Act III (The Blue Dwarf) takes place in a stable with three stalls containing an ox (peacefully chewing cud), Miriam (stretched naked on the straw, holding her side and groaning), and an ass (Zakariah, lifting his voice ever and anon in a formidable bray), respectively. The stage is lit by two torchs. One is held by an old and withered hag whose two remaining teeth are long yellow fangs exposed in a grin. The other is held by a blue faced baboon who revels in his corner in the filth. The hag and the baboon dance together as they wait for Miriam to give birth. The stage door is pushed in and three kings (Govinda, king of the Indines; Chau, Son of Heaven, king of Tarty and China; and Alexander) walk in. They bear gifts and tell Miriam of the destiny of her son. A company of a million rats issue forth from her to herald the unborn's first yelp. The kings talk of how they came to be there and Chau's slave presents wine to Govinda who drinks. A hoard of toads then issues off from Miriam and hop off croaking into the darkness. The kings place wagers on whether the child will be a son, a daughter, or something else. The hag and baboon deliver the babe (Issa, a brass bottle containing a blue mannikin with a goat's head and Jew's nose). The kings depart.
Act IV (The Black Bean) takes place in a small Syrian mud nut. In a truckle bed strewn with dirty straw lie a naked man (Issa, as a grown man) and woman (Magda, an odalisque). Issa degrades her for being a whore, pregnant with his child. He punchs her in the abdomen. Magda calls for a young scrible (John), who descends a ladder from a loft and Magda splits.
Issa tells John of the greed of women, how he is sick of everything, and that matter is muck. He tells John of how he was sent from heaven so that he can die and be resurrected, thus spoiling life for everyone. He tells John to hire a knave to kill him. John is hesitant to agree and then suggests giving Issa a death that will suggest Adonis, Attis, Mithras, etc. and it is agreed. He tells John to write all the prophecies that are fulfilled. Issa decides to go to sleep and John states his desire to sleep with Issa. They kiss and then the door opens and Magda enters and states that she wants to go back to bed, but Issa says that if she goes back to bed, this time it will be with John as he rises wearily. He goes out and is followed by the protesting pair.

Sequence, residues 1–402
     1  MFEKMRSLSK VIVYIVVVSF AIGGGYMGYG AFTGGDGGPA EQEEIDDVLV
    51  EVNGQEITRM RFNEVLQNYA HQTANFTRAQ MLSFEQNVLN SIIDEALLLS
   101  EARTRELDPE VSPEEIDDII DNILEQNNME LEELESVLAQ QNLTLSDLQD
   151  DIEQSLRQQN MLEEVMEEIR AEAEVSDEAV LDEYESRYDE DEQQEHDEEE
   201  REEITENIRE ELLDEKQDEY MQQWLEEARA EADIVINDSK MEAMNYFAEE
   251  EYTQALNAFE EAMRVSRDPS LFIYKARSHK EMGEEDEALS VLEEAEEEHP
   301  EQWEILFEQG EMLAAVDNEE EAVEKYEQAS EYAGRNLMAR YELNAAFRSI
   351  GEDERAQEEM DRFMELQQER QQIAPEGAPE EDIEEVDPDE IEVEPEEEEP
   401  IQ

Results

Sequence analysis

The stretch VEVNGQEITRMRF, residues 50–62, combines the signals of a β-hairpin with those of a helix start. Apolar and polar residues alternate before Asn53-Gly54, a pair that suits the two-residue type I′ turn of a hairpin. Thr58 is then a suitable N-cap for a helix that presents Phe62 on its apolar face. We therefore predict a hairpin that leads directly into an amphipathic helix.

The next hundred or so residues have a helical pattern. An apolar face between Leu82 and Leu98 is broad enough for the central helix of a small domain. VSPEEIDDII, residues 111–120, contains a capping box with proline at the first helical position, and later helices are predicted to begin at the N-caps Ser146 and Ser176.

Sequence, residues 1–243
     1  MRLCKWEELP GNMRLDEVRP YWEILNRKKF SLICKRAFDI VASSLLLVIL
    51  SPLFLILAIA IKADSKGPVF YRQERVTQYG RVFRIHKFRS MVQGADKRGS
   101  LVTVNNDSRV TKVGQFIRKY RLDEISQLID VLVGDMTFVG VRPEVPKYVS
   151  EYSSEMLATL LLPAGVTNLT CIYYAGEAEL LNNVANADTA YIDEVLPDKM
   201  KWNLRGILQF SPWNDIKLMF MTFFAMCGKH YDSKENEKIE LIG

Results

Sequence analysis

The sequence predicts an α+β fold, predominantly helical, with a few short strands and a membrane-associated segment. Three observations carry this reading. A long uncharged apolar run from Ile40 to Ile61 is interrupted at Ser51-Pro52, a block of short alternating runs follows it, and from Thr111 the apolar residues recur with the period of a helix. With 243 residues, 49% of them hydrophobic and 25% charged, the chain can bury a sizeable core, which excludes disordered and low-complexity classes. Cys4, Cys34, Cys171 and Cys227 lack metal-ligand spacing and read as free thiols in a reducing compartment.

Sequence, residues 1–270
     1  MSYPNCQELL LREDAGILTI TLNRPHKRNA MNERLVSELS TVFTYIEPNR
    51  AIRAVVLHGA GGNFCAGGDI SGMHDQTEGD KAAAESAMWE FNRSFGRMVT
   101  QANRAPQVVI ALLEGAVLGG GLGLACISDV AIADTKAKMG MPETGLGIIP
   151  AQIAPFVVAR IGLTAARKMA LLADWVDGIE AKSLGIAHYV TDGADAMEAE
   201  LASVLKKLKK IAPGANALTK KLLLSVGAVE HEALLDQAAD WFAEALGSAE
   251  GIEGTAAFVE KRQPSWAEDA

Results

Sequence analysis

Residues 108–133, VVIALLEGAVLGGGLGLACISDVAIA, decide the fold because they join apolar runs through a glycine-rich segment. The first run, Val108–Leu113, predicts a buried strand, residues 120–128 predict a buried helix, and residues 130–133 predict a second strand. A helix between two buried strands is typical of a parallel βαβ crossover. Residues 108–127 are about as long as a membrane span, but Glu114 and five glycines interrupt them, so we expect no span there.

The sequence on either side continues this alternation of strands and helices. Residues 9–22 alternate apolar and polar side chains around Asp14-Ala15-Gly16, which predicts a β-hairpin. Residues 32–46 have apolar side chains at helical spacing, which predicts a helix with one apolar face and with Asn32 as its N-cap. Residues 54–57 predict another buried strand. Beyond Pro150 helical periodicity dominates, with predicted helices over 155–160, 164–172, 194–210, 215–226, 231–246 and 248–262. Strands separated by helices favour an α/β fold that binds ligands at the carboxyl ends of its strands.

The final act, Act V (The Grey Night) is set in the thick darkness in the Emptiness of Things. In the midst of the darkness is Alexander. He holds a black rod clothed with twin glittering snakes, the royal Uraeus serpents of ancient Khem. A faint blue hexagram is at the rod's point. The light of the star illuminates the figure of a pale and tortured man (Issa) with outstretched arms who hangs in space. His weariness is gone and the noble-strong is the scarredbrow of his agony. Alexander tells Issa how Issa will share in man's fate of suffering but also prophecies hope that will come in nineteen centuries as the Word of the new aeon will arrive. Alexander then fades away. As Issa sulks, he makes note of the Romans who sadly guard him (Agrippa and Publius) because of their duty. The Romans notice The Vulture (Yaugh Waugh) who gloats his victory. The Vulture flies off, forsaking Issa. Agrippa and two soldiers heard but could not place the cry, but Magda understood it to be a call for a prophet. Issa asks for forgiveness and Miriam comes to collect Issa's body. Miriam offers a penny to a bystander to stand on the bloodless face. When asked for the name of the criminal by the bystander, a Greek Disciple from Alexandria cuts in "Say, Logos, or Homoniousios!" which begins a lengthy debate over the later term. John trusts a dagger into the Greek Disciple, thus winning the arguement with the term being "Homoousious". John then starts deciding what he shall write as Issa's prophet. The next shift of guards are late, so Agrippa orders a soldier to kill Issa and it is done. They wheel the bleeding corpse down the hill. Above a luminous shadow appears the image of the image of Alexander the king who states the suffering the world shall endure but again gives hope of a saviour who will someday come.
The reason I selected to write about this play is that Crowley is among my favorite writers and I like the subject material the play is based on, as well as how it was presented.